Understand the Impact of Taxes on Contractors

Learn More About the Impact of Taxes on Contractors

A contractor, or freelancer, can be anyone who works for clients on a contract basis rather than as an employee. Being a contractor can mean flexible hours, getting to choose your projects, and getting to work with multiple clients. But it can also mean a few extra headaches come tax season.

Whether you’re an employee or a contractor depends on how you get paid and what tax forms you receive at the end of the year. If you’re paid through payroll and receive a W-2 form in January, then you’re an employee. If you submit invoices for your work and receive one or more 1099 forms at the start of the year, then you’re a contractor.

 

Key differences

If you’re a contractor, there are a few key ways your taxes will differ from an employee’s:

  • The good: As a self-employed worker, you can claim business expenses on your taxes that employees can’t.
  • The bad: Thanks to the self-employment tax, even after those deductions you’ll probably end up paying tax at a higher rate than your friends with office jobs.
  • The ugly: You might want to put the IRS helpline on speed dial because your taxes are going to be complicated.

 

What you’ll need

Whether you file online, hire an accountant, or do it the old-fashioned way with a calculator or a spreadsheet, you’ll need the following:

  • A 1099 form from each client
  • Records for all your work-related expenses and other deductions for the year
  • Tax documents for any investment income or financial accounts
  • Records for any additional income you received during the year

 

The basics on deductions

Chances are you’re familiar with the general idea of deductions: They’re amounts that reduce your taxable income, which, in turn, reduces the amount of tax you owe. If you have $50,000 in income and $10,000 in deductions, then you owe taxes on only $40,000 of your income.

Everyone has to choose between taking the standard deduction and itemizing deductions. If you itemize, you’ll need to add up lots of smaller individual deductions, such as deductions for interest paid on a home mortgage and for charitable donations. By contrast, choosing the standard deduction means you get to reduce your taxable income by a set dollar amount.

For some people, the standard deduction represents bigger savings, while others save more by itemizing.

 

Walk the line

As an independent contractor, you can take business deductions that employees can’t—and you can take these even if you don’t itemize your deductions. In tax lingo, that’s because business expenses (and some other “personal deductions” that are specific to contractors) count as “above-the-line” deductions—in the flow of a tax return, they reduce your adjusted gross income.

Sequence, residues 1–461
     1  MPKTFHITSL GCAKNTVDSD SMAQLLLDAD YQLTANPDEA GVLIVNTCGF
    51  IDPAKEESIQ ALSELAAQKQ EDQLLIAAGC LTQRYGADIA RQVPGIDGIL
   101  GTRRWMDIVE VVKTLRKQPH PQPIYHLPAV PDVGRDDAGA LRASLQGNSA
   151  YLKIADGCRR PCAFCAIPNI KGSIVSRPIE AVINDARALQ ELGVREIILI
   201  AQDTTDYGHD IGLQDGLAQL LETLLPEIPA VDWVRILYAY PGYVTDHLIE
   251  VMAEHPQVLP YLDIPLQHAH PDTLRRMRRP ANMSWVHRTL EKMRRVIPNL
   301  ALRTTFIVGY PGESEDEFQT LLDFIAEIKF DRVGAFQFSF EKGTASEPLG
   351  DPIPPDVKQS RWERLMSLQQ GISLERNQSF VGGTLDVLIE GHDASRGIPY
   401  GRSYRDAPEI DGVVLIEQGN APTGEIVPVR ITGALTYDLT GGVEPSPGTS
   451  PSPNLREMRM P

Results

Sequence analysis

Your total business income

Minus business deductions

Plus any other income you earned

Minus any personal deductions for self-employed workers

Adjusted gross income (“the line”)

Minus either standard or itemized deductions

 

The main takeaway: You can (and almost certainly should) deduct your business expenses even if you don’t itemize.

Those business deductions can include:

  • The costs of running your home office
  • Expenses for work-related equipment or technology
  • Travel, meals, and lodging costs for business trips
  • Education and training expenses
  • Dues to professional organizations
  • Other miscellaneous expenses

Additional personal deductions for self-employed workers may include:

  • Health insurance premiums
  • Contributions to qualified retirement plans
  • Half of your self-employment tax (see below)

Consider tracking these expenses throughout the year so that you’re well-organized come tax time.

 

Good to know

  • If one of your clients didn’t send you a 1099 form, you still need to report that income.
  • If you travel a lot for work, you may owe taxes in multiple states in addition to your federal taxes.
  • The self-employment tax covers your contributions to Social Security and Medicare.
    • Employees get to split this tax with their employers—with the employer paying 7.65% and the employee paying 7.65%.
    • As a contractor, you’re responsible for paying the full 15.3%, but you get to deduct half of that amount (the “employer half”) as a business expense.
  • As a self-employed worker, chances are you need to make quarterly estimated tax payments during the year.
  • Starting with the 2018 tax year, you may also be able to deduct 20% of your business income, depending on the details of your tax situation.

 

Key takeaways

  • An independent contractor is someone who is self-employed and may work for multiple clients on a contract basis.
  • Independent contractors can have complex tax situations in part because they typically qualify for more deductions than employees.
  • If you’re a contractor, you can generally deduct business expenses on your taxes even if you take the standard deduction.
  • Keeping track of your work expenses throughout the year can help you make the most of your business expense deductions.
  • If you’re a contractor, you should also become familiar with the self-employment tax, filing quarterly estimated taxes, and the rules that apply to each state you work in.
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